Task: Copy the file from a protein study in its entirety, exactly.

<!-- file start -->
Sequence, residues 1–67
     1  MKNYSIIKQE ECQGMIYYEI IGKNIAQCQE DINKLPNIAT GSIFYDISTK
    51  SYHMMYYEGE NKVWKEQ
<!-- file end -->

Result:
Sequence, residues 1–67
     1  MKNYSIIKQE ECQGMIYYEI IGKNIAQCQE DINKLPNIAT GSIFYDISTK
    51  SYHMMYYEGE NKVWKEQ